The End Where I…

Today I rode on a borrowed bike across the street I grew up on, to bike through the neighborhoods of my childhood to drop off fresh bread at Ghost’s house.

That is what they call trippy.

As the Script would say “It’s the end where I begin.

I’m living about a mile from the house I grew up in. I’m twenty-something now. As long as you forget the eight years in the middle (My roommates said something to the effect that Ghost would have to get used to new foods because he’s “basically marrying a foreigner!”), I haven’t been away even two years. I was born, edumacated, graduated from college, started dating, and got engaged, all in a six mile radius of here. Perhaps I could get away with pretending to have always been from here.


One of my favorite bands is Thousand Foot Krutch. At various points in my life they have had fitting songs for the circumstances I found myself in. I guess right now I fall into that phase of life that’s considered a “transition”. Incidentally, TFK is self-releasing a new album, called “The End is Where We Begin”. I got to download the song called “War of Change” for free here. It contains these lyrics:

    Everything’s about to change,
    I feel it in my veins, its not going away,
    Everything’s about to change…

As Ghost would say, I can agree with that just a little bit.


For Christmas I got a book, where, incidentally, the main character is a linguist, who spends a large portion of the book trying to get home. However, one of the other main characters is an engineer, named Tanner Sack. At one point he goes to have a surgeon, or “chirurgeon”, operate on (“remake”) him. After the successful operation the chirurgeon tells him:

    “Some of of the cuts I’ve made, some of the wounds, they may heal hard. They might scar. In that case, I want you not to be downhearted or disappointed. Scars are not injuries, Tanner Sack. A scar is a healing. After injury a scar is what makes you whole.”

The Script notes that “Sometimes your first scars won’t ever fade away…”

In the same way, it seems fitting to consider our scars.

I remember back in March, Ghost and I had a discussion about scars. He probably doesn’t remember, but I remember being impressed. Who is this that inquires after my scars?

But, as one or another of those sayings goes, not every injury shows. At one point, I was telling my Perspectives class that Wycliffe sounded cool, but that they wanted me to go to somewhere like Papua New Guinea. I balked about how I was SICK of traveling, doan wanna go anywhere. Mitch asked me “Are you speaking from open wounds?” I did my best to procrastinate responding to that, though he got it out of me in the end.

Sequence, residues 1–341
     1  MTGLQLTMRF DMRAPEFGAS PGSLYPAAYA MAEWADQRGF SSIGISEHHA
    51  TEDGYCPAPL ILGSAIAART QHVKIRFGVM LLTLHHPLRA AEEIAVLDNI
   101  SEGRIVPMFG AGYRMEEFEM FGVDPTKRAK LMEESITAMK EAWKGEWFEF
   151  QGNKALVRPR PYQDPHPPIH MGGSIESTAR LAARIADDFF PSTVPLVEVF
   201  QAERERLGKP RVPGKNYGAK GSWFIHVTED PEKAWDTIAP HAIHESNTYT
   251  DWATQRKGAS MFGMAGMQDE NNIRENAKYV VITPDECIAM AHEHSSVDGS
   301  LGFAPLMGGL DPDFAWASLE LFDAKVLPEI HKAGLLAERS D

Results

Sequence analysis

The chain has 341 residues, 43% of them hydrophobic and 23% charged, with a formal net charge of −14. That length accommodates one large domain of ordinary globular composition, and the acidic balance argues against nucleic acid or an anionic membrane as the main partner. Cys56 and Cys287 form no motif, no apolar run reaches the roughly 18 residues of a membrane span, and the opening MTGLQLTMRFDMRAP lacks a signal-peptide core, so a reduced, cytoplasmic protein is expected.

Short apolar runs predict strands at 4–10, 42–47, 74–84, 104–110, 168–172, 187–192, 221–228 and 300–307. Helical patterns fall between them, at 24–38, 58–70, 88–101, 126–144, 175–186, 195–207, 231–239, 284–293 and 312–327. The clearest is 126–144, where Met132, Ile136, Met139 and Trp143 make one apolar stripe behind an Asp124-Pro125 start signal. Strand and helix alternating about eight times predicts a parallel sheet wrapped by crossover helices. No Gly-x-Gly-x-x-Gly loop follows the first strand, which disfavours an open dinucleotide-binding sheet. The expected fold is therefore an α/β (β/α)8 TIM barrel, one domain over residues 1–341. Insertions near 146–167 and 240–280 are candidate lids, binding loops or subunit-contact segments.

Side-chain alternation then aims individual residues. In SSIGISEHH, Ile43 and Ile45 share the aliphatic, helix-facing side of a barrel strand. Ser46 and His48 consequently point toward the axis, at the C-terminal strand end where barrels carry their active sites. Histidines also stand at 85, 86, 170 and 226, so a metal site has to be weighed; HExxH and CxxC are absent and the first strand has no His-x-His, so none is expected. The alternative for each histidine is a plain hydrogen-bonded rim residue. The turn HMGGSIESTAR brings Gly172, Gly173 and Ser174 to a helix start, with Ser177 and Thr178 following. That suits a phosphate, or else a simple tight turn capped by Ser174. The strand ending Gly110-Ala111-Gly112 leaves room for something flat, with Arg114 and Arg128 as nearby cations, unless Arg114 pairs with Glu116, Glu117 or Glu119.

So, let us consider our scars. Some of your wounds may heal hard. They may scar. In that case, don’t be downhearted or disappointed. Scars are not injuries. A scar is a healing. We have a Great Physician, a Greater Chirurgeon than Tanner Sack had. His cuts are more exacting than any living surgeon’s knife.

Moreover, He’s not without scars Himself. He was despised and rejected, a man of sorrows, familiar with grief, despised, bearing griefs, stricken, smitten by God, and afflicted, pierced, and crushed, marred beyond human likeness. This is our Messiah, nailed to a tree, like a common criminal.

Behold, even for the disciple who said “Unless I see in his hands the mark of the nails, and place my finger into the mark of the nails, and place my hand into his side, I will never believe,” our LORD was merciful, and said “Put your finger here, and see my hands; and put out your hand, and place it in my side. Do not disbelieve, but believe.”

As DH put it, “This tourniquet, these blessed hands around my head // So I can keep from bleeding.” Lo, by His wounds, we are healed. By His perfect act of surrender and submission we are made whole. At the end of time, we will be pure and spotless, and the wounds of the Lamb, wounds borne for us and our redemption, will be to His eternal glory.

May my doubt and fear and pain be put in His hands, that I may echo with the disciple “My LORD and my God!”

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This entry was posted in Books, Music, St Paul Vagabond, Theology, Travel. Bookmark the permalink.

One Response to The End Where I…

  1. Pingback: Hey-o here comes the danger | The City Theologist

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